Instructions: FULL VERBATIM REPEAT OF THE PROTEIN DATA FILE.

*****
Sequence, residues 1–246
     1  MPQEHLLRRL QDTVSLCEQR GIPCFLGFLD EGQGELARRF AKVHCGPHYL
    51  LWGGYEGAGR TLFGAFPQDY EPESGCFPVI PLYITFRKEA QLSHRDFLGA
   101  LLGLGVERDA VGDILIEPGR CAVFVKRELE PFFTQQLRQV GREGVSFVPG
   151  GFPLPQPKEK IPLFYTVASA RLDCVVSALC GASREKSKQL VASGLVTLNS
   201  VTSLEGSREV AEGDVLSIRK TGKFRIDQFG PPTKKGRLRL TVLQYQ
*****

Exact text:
Sequence, residues 1–246
     1  MPQEHLLRRL QDTVSLCEQR GIPCFLGFLD EGQGELARRF AKVHCGPHYL
    51  LWGGYEGAGR TLFGAFPQDY EPESGCFPVI PLYITFRKEA QLSHRDFLGA
   101  LLGLGVERDA VGDILIEPGR CAVFVKRELE PFFTQQLRQV GREGVSFVPG
   151  GFPLPQPKEK IPLFYTVASA RLDCVVSALC GASREKSKQL VASGLVTLNS
   201  VTSLEGSREV AEGDVLSIRK TGKFRIDQFG PPTKKGRLRL TVLQYQ